Tash Rabat, Kyrgyzstan
About 520 km from Bishkek, 125 km (1.5 hours), from Naryn, 17 km from the end of the paved road (just after the emergency airstrip) 90 km (1.5 hours) short of the border at Torugart, and at an altitude of about 3500m above sea level is the ancient caravanserai of Tash Rabat. According to one author, this is probably the best-preserved Silk Road site you will find and “no other retains as much of its original atmosphere”.
This is a carefully restored stone building that once housed an inn on the Great Silk Road. Its date of origin is strictly unknown - but there is archaeological evidence to suggest that the site was occupied in the 10th century. Set some 15 km up a small, beautiful valley in the foothills of the Tian Shan, embedded against the hillside. There is evidence that it was a place of both rest and worship and would have served to protect caravans to and from China from both the ravages of the weather and of bandits - from before the time of either Tamerlane or Genghis Khan.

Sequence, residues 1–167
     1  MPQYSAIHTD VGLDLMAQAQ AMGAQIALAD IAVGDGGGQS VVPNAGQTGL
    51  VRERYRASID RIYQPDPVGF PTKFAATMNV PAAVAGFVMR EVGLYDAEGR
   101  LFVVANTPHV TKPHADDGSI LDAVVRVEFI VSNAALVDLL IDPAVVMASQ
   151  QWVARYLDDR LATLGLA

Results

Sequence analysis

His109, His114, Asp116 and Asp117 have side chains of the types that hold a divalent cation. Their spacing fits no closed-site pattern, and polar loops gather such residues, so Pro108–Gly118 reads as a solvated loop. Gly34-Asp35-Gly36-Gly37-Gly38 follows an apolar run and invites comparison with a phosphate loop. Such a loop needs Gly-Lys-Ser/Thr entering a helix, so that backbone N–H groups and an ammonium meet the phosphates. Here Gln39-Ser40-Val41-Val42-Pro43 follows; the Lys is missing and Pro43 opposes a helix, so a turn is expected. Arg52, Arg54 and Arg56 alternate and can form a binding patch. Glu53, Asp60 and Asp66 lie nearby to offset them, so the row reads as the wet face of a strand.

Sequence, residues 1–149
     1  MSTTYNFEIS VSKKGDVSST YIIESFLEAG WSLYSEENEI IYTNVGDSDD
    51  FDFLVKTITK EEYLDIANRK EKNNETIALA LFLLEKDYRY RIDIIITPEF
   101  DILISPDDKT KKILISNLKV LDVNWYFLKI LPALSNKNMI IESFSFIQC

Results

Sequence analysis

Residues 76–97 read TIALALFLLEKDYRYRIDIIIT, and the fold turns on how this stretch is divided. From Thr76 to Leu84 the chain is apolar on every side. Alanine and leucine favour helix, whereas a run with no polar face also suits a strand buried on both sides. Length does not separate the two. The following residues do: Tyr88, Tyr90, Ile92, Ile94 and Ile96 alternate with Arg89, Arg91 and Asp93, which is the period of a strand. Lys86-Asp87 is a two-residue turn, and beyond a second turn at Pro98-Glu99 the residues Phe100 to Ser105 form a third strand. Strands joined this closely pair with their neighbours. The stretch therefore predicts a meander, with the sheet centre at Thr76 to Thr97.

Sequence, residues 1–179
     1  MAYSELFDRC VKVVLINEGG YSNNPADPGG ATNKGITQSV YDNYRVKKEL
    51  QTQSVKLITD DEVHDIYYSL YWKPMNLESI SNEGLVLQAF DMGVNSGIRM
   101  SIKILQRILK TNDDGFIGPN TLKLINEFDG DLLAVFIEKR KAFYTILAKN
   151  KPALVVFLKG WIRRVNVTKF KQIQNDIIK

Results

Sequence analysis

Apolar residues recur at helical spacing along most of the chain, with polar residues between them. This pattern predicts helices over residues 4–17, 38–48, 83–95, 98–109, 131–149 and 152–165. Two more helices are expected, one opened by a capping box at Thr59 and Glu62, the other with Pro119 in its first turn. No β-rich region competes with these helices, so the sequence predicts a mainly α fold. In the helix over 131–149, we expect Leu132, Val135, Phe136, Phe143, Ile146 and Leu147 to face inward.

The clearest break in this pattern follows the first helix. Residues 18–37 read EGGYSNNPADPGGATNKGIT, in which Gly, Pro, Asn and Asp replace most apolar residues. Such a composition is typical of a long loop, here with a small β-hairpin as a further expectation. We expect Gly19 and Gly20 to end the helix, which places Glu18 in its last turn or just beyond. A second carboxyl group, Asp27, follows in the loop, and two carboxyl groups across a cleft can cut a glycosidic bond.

There is a legend that says the caravanserai was built by a father and son. As they were finishing their work, only the top of the cupola remained to be finished ... a few stones left to be put into place, a caravan approached over the mountains. The son made to go and greet the travelers - but his father said, "No, let us finish this work first," but the youth did not listen to his father ... he went to greet the caravan. Amongst the travelers was a beautiful young woman, and he fell in love with her ... and when the caravan left, he left with it ... and the father never saw his son again ... and the cupola was never finished.
Maybe one of the reasons it has retained its character is that it is set on the main road from Bishkek/Naryn to Torugart, but some 15 km up a side valley – the Kara Kojun Gorge. For many years the turn-off was not sign-posted and so travelers simply passed by unaware of what they were missing.
Leaving the asphalt road, vehicles have to take a gravel road along the valley of the Tash Rabat river. The slopes are covered with a tussock grass that gives the impression of corduroy and you see herds of horses and yaks, flocks of sheep and goats - and even the occasional camel grazing on the hillsides.